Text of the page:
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groundbreaker

"The most influential living American architect is John Calvin Portman, Jr. Countless other architects have copied him but the music just isn’t the same." Paul Gapp

Portman’s impact was perhaps greatest on his hometown of Atlanta, where today the 14-block Peachtree Center complex which he designed and developed without the use of any public funds attests to his commitment to the downtown business district and includes many of his landmark projects. Peachtree Center began in 1961 with the opening of the Atlanta Merchandise Mart. The Mart has since grown to become AmericasMart, the world’s largest single wholesale marketplace in a fully integrated complex connected by aerial pedestrian bridges. By stimulating trade and tourism, Portman was the catalyst that established Atlanta as one of the nation’s premiere convention cities. His three major downtown hotels, the Hyatt Regency Atlanta, The Westin Peachtree Plaza, and the Atlanta Marriott Marquis, anchor the city’s convention district. From the opening of the Hyatt Regency Atlanta in 1967, with its 22-story atrium, Portman made architectural history and won international acclaim.

By carefully rethinking the typical urban hotel, Portman readdressed the guest experience to create the antithesis of the confining environment of traditional city hotels. The Hyatt Regency Atlanta was constructed around a twenty-two story, sky-lit atrium with glass cabbed elevators providing an experiential journey through the atrium to a revolving roof-top restaurant.

Portman became internationally recognized for urban mixed-use complexes wherein his understanding of people and their response to space translated into enhanced environments and award-winning architecture. From Embarcadero Center in San Francisco and Times Square in New York, to Marina Square in Singapore and Shanghai Centre in China, he has taken people away from the congestion of urban life to create spaces that are open and uplifting to the human spirit. In Detroit, Henry Ford sought Portman’s help to stop urban flight from the city with the design of Renaissance Center. In Los Angeles, The Bonaventure Hotel initiated the renewal efforts in the city’s Bunker Hill section. With the exception of Renaissance Center, Portman performed the dual role of architect and developer.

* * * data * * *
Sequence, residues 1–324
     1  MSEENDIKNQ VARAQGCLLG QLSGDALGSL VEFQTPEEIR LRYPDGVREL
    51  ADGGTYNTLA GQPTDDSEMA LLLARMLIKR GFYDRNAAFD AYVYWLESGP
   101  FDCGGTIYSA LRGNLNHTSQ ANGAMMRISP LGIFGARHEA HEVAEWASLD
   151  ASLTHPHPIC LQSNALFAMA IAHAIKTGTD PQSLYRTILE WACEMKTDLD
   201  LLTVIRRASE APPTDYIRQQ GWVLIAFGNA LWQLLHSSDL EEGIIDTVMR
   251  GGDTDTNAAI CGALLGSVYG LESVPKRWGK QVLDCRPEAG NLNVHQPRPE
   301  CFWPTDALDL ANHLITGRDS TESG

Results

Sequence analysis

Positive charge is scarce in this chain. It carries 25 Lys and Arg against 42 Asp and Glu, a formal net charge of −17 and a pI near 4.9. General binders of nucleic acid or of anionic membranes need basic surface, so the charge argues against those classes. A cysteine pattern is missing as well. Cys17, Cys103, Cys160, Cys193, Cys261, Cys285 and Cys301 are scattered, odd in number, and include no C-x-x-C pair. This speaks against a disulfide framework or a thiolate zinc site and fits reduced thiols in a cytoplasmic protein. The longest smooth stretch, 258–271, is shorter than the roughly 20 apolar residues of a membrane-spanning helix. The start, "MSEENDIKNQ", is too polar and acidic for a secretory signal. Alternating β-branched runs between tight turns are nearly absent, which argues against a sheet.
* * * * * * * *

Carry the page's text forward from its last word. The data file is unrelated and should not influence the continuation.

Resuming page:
Portman’s international work began with the design and development of the Brussels Trade Mart in 1975, then shifted to the Far East. The Regent Singapore was Portman’s first international hotel, followed by Marina Square, also in Singapore, a major complex that includes three hotels, a retail mall and an office building. Portman entered China in 1980 as one of the first American architects or developers to become actively involved when China opened its doors to the West. Portman’s pioneer project, Shanghai Centre, a large, mixed-use complex, has been described by China Daily as "one of the five architectural stars in mainland China."

Paul Goldberger, architectural critic of The New York Times, wrote "He (Portman) is the only architect of his era to create not only a series of significant buildings, but a new urban type." Paul Gapp of The Chicago Tribune wrote at the time, "The most influential living American architect is John Calvin Portman, Jr. Countless other architects have copied him but the music just isn’t the same."

New York Marriott Marquis, 1985, Bill Marriot, John C. Portman, Jr., and Ed Koch
Embarcadero Center; John Portman, Joseph L. Alioto, Trammell Crow, David Rockefeller, Justin Herman
Nile Center, ca.1979, John C. Portman, Jr., Anwar Sadat
Renaissance Center, 1978, David Rockefeller, John C. Portman Jr., Coleman Young, Henry Ford II
Shanghai Centre, grand opening, 1990, Wang Daohan, John Portman, Maurice Greenberg